In the age of fake news accusations, rampant click-bait headlines and the Head of State referring to journalists as “the enemy of the American people,” I believe it’s getting less and less popular to be a reporter these days.

How can the public truly know the difference between real news and fake news when there is no other filter than a catchy headline providing partly true facts?

Moreover, as a Christ follower who is also reporter, what is my personal responsibility in having the power of the press and handling information to convey to the public?

As a journalist breaking into the field of entertainment news, it almost seems like a contradiction to be a Christian. I’ve learned that it all depends on your own moral code. There are stories I know I wouldn’t write simply because they would unnecessarily infringe on someone’s privacy. This doesn’t mean I will restrict what I write to only incorporate stories about Christian artists or Christian movies.

It is a common misconception to equate our beliefs with our work. If Christian reporters only focused on Christian and non-secular things, are we really influencing anyone at all? Or are we just preaching to the choir?

Last fall, Sky News correspondent and Irish journalist David Blevins visited APU and shared with journalism and communication students. The thing he said that most resonated with me was: “It’s not my job to convert my audience.”

“Whatever your calling is, I believe you can be of use to God there…It’s important that you recognize that your role there is to do your job well. Your priority is not to evangelize—that just may be a bonus,” Blevins said.

For Jim Willis Ph.D., a veteran news reporter and journalism professor, the search for truth and helping people in need were the two main determining factors for choosing a post-college career. He felt it came down to either ministry or journalism.

“For me, journalism was the right choice because I felt I could devote more of my time to that search for truth and for producing stories that could help people,” Willis said.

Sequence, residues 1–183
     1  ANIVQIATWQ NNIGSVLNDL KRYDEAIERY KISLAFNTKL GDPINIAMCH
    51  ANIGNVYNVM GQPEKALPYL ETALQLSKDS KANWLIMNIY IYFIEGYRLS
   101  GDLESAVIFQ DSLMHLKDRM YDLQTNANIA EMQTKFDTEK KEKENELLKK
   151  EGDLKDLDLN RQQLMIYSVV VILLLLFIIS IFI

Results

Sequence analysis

“I never tried to use journalism to convert readers to my faith, although I sometimes would write about how an individual’s faith inspired them or helped them through rough times in their lives.”

Junior journalism major Brandon Rodriguez has a similar viewpoint.

“To me, a Christian journalist is someone who simply wants to help people by reporting the truth to them—reporting news that is important to their daily lives and showing God’s love through their actions,” Rodriguez said.

He said that as a Christian journalist, the main things to consider are: ethics, wisdom, asking tough questions, seeing through lies, avoiding bias and sometimes even facing danger.

“Remember who your loyalties go to…not corporations, money or any other human, only to God,” Rodriguez said.

As once said by late New York Times journalist John McCandlish Phillips in his 2001 “Faith in the Daily News Chase” speech, “God gave us the core ethic in the words, You shall not bear false witness…In journalistic usage, you shall be as accurate and balanced and fair, and faithful to facts as you possibly can be.”

McCandlish Phillips believed it true that sometimes we are called to work in mainstream or secular media to be an influence. Our job, he said, is as Scripture states: to humble ourselves in where God places us while remaining in faith.

“Be willing to go wherever God wants you to go and to do whatever He has for you to do, even if it is more than you can handle,” McCandlish Phillips said. “Give Him unfettered sovereignty over your future course. He may take you far higher than you expect.”